International Free Agent Profile: Kyuji Fujikawa, Relief Pitcher

US PRESSWIRE

Relief pitcher Kyuji Fujikawa is one of the more appealing names on the international free agent market. Could he be a fit for the Mets in 2013?

Kyuji Fujikawa was often rumored to be a candidate for posting, but he never was. After qualifying for international free agency during the 2012 season, he is no longer at the mercy of the Hanshin Tigers organization. His newly-hired agents Don Nomura and Arn Tellem recently confirmed Fujikawa’s intent to play in the Major Leagues in 2013.

The 32-year-old right-handed pitcher, who will turn 33 in July, was very good during this year. And last year. And the year before that. Well, suffice to say, Fujikawa has been an elite pitcher for a while now. During that eight-year timeframe, his 2.01 ERA in 2010 was his highest. He also posted his worst BB/9 rate at 2.87 and K/9 rate at 11.6.

In addition, Fujikawa is also very reliable. He has appeared in no fewer than 49 games since becoming a full-time reliever in 2005. Since then, he maxed out at 80 appearances in 2005, setting a Hanshin Tigers record. His stats over the last five years are as follows:

Year IP ERA FIP K/9 BB/9 H/9 HR/9 SV
2008 67.2 0.67 1.63 12 1.7 4.5 0.27 38
2009 57.2 1.25 1.95 13.4 2.3 5.0 0.62 25
2010 62.2 2.01 3.26 11.6 2.9 6.8 1.01 28
2011 51 1.24 1.40 14.1 2.3 4.4 0.35 41
2012 47.2 1.32 1.21 11 2.8 6.4 0.19 24

Fujikawa owes most of his success to his fastball. A few years ago, it sat in the mid-90s and topped out around 97 mph. Nowadays, it sits in the low-90s and tops out in the mid-90s. His average fastball velocity was 91.6 MPH this year, down from 91.9 MPH in 2011, 93.6 MPH in 2010, and 92.6 MPH in 2009.

Despite the slight decline, the results are still there. There are a few reasons for this: his increased use of the cutter and the slider in 2012, pitches that he rarely threw previously with any regularity, his plus fork and curveballs, and, well, the fact that he has physics on his side. In 2006, a scientific study on baseball was done by a TV station in Japan, and Fujikawa took part. His four-seam fastball was captured by slow motion cameras, which revealed that it rotated 45 times per second — eight more times than the average four-seam fastball. The cameras also found the spin axis of his fastball was tilted 5 degrees relative to its trajectory, a stark contrast to the average fastball, which the study found to spin on a 30 degrees relative to its trajectory. According to the Magnus Effect, the faster an object spins and the less it is tilted about its vertical axis, the more lift is created. The "rising" effect of Fujikawa’s fastball hampers batters.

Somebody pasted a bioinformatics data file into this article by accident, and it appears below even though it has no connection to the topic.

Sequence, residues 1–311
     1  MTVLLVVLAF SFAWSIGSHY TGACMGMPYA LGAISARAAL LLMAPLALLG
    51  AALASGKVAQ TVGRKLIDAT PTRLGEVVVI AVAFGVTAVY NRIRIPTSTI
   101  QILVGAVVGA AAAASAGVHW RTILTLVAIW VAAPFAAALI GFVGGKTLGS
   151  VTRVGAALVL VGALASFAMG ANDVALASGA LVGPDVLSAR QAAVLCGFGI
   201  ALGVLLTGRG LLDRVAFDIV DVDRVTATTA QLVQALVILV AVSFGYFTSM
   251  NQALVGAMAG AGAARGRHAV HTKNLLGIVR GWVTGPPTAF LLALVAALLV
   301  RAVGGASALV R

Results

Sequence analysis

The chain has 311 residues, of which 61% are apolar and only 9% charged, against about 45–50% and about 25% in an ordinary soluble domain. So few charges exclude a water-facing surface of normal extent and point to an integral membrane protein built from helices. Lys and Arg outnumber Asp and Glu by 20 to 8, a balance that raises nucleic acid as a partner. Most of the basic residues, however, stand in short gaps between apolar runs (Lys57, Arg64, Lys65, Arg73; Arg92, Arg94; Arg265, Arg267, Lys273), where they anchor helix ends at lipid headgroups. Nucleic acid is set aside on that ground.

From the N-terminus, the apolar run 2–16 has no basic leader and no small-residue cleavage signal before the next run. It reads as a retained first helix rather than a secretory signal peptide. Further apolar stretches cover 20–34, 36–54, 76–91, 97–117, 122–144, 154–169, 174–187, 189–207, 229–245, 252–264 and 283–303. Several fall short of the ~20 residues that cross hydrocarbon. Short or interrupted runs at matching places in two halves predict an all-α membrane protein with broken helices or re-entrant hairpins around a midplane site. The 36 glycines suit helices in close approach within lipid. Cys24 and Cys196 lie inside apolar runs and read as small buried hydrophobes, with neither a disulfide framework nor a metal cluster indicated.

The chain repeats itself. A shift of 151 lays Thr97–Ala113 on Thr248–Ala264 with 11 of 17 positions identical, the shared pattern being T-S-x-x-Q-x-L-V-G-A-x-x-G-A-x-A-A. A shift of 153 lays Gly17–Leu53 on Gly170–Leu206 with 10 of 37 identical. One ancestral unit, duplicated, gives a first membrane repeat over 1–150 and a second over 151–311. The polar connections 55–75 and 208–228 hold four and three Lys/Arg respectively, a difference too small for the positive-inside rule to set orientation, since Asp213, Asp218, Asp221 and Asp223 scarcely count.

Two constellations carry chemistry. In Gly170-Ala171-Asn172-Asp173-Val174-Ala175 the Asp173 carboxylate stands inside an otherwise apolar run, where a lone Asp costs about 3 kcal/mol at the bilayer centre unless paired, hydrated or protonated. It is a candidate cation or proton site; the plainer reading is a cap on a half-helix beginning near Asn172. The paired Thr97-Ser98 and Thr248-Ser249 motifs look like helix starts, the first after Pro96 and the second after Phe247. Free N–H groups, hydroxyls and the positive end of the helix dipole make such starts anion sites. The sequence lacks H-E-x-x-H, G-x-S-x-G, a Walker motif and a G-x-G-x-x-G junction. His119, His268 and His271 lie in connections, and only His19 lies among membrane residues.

There are a few red flags that would worry me in a theoretical pursuit of Fujikawa. First, and obviously, is the transition to the regulation baseball of MLB. In the study I did last year of NPB pitchers who transitioned to the MLB, a large group of them had considerable experience relieving in both Japan and the United States saw an increase in BB/9 and decrease in K/9.

In terms of Fujikawa, this would in and of itself simply result in more batters on the basepaths, and a K% that isn’t as high as it is in Japan. His pitching philosophy, which has garnered him so many strikeouts in Japan, might also be problematic in the United States. A large percentage of his strikeouts come on his fastball, which he likes to throw up in the zone, getting batters to chase. As one NL scout mentioned, "In the U.S., if you start throwing high, they'll wait for that high pitch… So he better start pitching low." The problem with Fujikawa pitching low is that, when he does so, he loses the rising action that makes his fastball a weapon, and the pitch suddenly becomes a rather generic fastball with little movement clocking in at the low-90s.

Does He Make Sense For The Mets?

In a world where money was not an issue, Fujikawa would be an interesting gamble. Younger than most other NPB relievers who have come to North America to play ball, he has more than a few years of putting up very good numbers in Japan, and he’s done so in important, high-leverage situations, to boot. This is both a boon and an issue. It means that he would likely be able to better mirror his NPB numbers than most other relievers who have come over to play in the MLB, but as a result, his asking costs will be higher. Fujikawa certainly isn’t going to make anything near Daisuke Matsuzaka or Yu Darvish money, but he’s not going to accept playing for the Major League minimum, either. Something in the $5 million range would not surprise me, and that kind of money on a relief pitcher — especially one who could be a bust — probably isn’t the best strategy for Sandy Alderson this winter. As such, courting Fukijawa really doesn’t make too much sense.

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